So the second ever Birmingham Design Festival has wrapped up for another year! And once again it proved to be a jam-packed, creative whirlwind of design, craft, and community, drawing a diverse mix of designers, brands, inspirers, makers and storytellers from far and wide to our home – all to share a stage of common passion and celebrate local talent.
Proud to be an adopted Brummie and fan of all things art and design, I wanted to be more immersed in the action this year, so I was keen to contribute my time to support this amazing brainchild of founders Luke Tonge and Dan Alcorn. I’m also sure someone once said that volunteering is good for the soul! I knew that organising an event of this scale was certainly no mean feat, but being behind the scenes and witnessing first-hand, the nerves and excitement that comes with it, made me realise just how much love, dedication and thought had been poured in – making my experience all the more worthwhile.
Off volunteer duties, I personally swapped my usual Friday night glass of vino, for a much-needed evening of culture and inspiration, taking myself along to the main talk – ‘Celebrating storytelling (Design for Film & TV)’ – with the hope of getting ‘lost in alternate universes and lovingly crafted animation’. Speakers of the night were MinaLima, Erica Dorn, Mike McGee and Gavin Strange.
Creating tiny worlds: Graphic design for Wes Anderson’s Isle of Dogs
Erica Dorn- lead graphic designer for Isle of Dogs- took us behind the scenes of the film’s production, revealing the painstaking level of detail that is created in the typography, props, sets, and supertitles throughout Wes Anderson’s critically acclaimed stop-motion. Every tiny graphic of the smallest size imaginable had been designed – think miniscule labels on telephones the size of pennies, neon illuminations lighting up the Megasaki city skyline, and numerous bedroom posters, newspaper clippings and photos – all intricately designed for a set around the size of a double bed.
Often asked if she ever felt disheartened by the scale of work she puts in for a mere few seconds on screen, she explained that ‘actually, no, because the film will live on for years to come, for millions of people to see time and time again’.
Graft, Craft & being Daft
Bouncing onto the stage with an enviable level of energy – Gavin Strange, director and designer for Aardman Animations (the brains behind Wallace & Gromit and Morph) exuded a zest for life that was particularly contagious. What stuck with me amidst the comical GIFs, vibrant colours, and passion projects he shared, was his profound announcement to the audience that ‘one day, our sun will die. Its beautiful death throes will engulf earth, incinerating everything that ever was or is.’ ‘So, don’t stress about the client asking you for that final amend of the logo’, he explained. ‘Just do it, because the world will end’. Life lesson? Don’t sweat the small stuff – life is too short!
Telling Stories through Design
Mira and Eduardo are the design duo that is MinaLima – the studio behind the Harry Potter and Fantastic Beasts films – they have created some of the world’s most well-known, and instantly recognisable props, from Harry Potter’s Acceptance Letter to Hogwarts School of Witchcraft and Wizardry, to the Marauders Map and The Daily Prophet newspapers. It is this distinct style and visual storytelling that unravels the magical narrative of Harry Potter, just as much as the actors themselves.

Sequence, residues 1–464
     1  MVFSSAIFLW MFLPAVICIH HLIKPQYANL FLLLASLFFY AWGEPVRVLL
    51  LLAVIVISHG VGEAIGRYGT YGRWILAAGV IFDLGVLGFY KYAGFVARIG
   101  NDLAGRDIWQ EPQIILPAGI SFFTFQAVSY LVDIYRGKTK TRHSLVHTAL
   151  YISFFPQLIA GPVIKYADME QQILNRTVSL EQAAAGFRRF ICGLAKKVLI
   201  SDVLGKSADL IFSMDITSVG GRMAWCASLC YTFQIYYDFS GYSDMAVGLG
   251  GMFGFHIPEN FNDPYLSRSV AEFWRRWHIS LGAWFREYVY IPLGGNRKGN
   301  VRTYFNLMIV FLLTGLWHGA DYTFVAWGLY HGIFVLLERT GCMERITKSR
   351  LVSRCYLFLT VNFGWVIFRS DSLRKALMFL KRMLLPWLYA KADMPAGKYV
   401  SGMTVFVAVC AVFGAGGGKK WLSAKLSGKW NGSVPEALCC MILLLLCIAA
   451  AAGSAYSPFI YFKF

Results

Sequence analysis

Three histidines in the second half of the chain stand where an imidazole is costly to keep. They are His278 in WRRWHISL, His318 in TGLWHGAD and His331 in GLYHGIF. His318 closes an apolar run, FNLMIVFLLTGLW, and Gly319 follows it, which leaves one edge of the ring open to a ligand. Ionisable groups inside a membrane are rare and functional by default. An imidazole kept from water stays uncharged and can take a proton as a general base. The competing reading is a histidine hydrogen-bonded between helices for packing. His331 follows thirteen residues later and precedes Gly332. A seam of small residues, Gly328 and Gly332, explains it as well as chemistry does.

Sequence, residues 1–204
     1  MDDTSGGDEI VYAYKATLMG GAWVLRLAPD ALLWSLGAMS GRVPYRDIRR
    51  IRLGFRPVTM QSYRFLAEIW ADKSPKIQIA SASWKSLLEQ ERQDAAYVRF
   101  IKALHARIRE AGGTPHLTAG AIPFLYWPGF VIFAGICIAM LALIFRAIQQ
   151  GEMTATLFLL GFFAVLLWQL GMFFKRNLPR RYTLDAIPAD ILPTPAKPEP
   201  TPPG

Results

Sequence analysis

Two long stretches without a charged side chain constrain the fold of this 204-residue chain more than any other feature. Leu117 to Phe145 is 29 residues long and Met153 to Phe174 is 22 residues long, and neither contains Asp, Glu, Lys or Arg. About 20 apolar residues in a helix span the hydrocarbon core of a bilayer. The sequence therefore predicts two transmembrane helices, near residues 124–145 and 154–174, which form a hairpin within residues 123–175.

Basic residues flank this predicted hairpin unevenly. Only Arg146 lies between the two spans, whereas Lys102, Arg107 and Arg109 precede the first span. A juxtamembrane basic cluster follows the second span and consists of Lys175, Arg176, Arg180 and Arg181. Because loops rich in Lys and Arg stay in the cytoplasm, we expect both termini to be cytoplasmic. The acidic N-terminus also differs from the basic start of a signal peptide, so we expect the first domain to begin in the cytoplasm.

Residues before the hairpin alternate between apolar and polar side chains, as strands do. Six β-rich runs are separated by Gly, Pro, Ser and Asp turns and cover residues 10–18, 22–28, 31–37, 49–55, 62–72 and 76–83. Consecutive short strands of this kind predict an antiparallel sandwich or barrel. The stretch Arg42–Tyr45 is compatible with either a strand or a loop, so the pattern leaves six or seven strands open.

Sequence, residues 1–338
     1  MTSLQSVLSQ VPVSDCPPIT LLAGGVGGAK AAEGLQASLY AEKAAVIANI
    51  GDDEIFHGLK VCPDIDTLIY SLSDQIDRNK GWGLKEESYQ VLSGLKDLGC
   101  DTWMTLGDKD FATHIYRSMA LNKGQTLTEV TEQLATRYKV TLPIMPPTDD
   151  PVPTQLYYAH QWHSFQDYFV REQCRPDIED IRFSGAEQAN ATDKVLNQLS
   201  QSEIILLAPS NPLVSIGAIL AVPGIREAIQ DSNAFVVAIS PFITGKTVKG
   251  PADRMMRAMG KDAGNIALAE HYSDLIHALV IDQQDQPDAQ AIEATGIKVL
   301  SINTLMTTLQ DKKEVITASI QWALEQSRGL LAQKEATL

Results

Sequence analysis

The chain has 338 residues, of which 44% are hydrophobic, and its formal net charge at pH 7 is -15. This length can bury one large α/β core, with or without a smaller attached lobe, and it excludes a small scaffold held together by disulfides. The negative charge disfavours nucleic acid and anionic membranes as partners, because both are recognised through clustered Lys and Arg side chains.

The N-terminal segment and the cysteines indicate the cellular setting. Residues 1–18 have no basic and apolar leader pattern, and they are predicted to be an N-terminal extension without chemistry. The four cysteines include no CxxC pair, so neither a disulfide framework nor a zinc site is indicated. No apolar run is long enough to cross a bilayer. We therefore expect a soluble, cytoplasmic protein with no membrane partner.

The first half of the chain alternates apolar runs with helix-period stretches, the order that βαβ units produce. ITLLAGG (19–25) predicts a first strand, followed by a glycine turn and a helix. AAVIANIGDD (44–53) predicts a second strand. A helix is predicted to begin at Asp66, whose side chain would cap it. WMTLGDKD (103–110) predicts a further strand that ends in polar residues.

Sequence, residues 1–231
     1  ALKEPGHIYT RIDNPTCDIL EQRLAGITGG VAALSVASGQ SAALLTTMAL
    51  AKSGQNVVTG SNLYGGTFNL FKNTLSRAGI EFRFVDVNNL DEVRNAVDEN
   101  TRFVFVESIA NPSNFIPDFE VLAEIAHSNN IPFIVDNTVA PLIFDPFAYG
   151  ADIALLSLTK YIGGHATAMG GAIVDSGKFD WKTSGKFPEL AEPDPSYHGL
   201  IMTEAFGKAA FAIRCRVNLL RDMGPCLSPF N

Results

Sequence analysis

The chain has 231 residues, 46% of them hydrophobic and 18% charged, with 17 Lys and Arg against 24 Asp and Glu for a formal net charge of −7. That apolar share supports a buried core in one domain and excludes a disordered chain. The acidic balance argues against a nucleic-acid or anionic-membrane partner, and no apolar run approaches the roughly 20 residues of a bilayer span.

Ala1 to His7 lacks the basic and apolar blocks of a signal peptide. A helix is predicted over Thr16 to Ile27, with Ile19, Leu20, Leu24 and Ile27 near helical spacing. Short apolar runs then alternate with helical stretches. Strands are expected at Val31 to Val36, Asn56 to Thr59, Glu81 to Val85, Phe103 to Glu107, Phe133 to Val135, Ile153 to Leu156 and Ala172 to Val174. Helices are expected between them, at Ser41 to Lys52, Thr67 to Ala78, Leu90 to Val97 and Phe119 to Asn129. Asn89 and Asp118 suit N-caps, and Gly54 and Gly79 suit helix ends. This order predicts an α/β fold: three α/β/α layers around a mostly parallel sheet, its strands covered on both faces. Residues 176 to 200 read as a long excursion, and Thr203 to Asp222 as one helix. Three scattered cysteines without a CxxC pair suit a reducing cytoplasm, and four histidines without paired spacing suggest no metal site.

The pair met back in 2002, when Mina was working as an intern on the second film, introducing Lima to her work on ‘a film about wizards’! And nearly 20 years later – now working husband and wife – the magical story of Harry Potter is alive and strong. MinaLima opened a pop-up in Soho, which has by popular demand, turned into a permanent gallery and store showcasing their entire treasury of graphic works. For the avid HP fans among us, it can be found at House of MinaLima, 26 Greek Street, in Soho.
The Evolving Art of Storytelling
From Harry Potter graphics, to the creators of Dobby and Buckbeak, Framestore’s Co-founder and CCO, Mike McGee, immersed us in his Oscar-winning world of VFX; they have created some of the most unforgettable and iconic moments in Film, Television and Advertising – from Game of Thrones, to Guardians of the Galaxy and Downton Abbey. Also (not to be understated) is Christopher Robin. Mike talked us through the process of the visualisation of the lovable stuffed bear that we all know as Winnie the Pooh. From the realisation that bears don’t actually have elbows and knees (back to the drawing board!), through concept paintings and character sculpting, to handcrafting ‘real-life’ soft toys to be used by puppeteers on set, before finally adding the power of CGI. Et voila! A CGI Pooh that really was indecipherable from the stuffed toy Pooh.
I don’t know about you, but when watching certain films I can often be transported to a different place or time, taken on a story through beautiful visuals and actors, but not for one minute had I really stopped to consider the vast amount of creative detail that actually goes into producing even the smallest of frames, for the shortest of seconds on our screens.
So the next time I find myself absorbed in the big (or little) screen, it’s safe to say the magic will definitely not be lost on me. Thanks BDF, I had a blast – until next year…!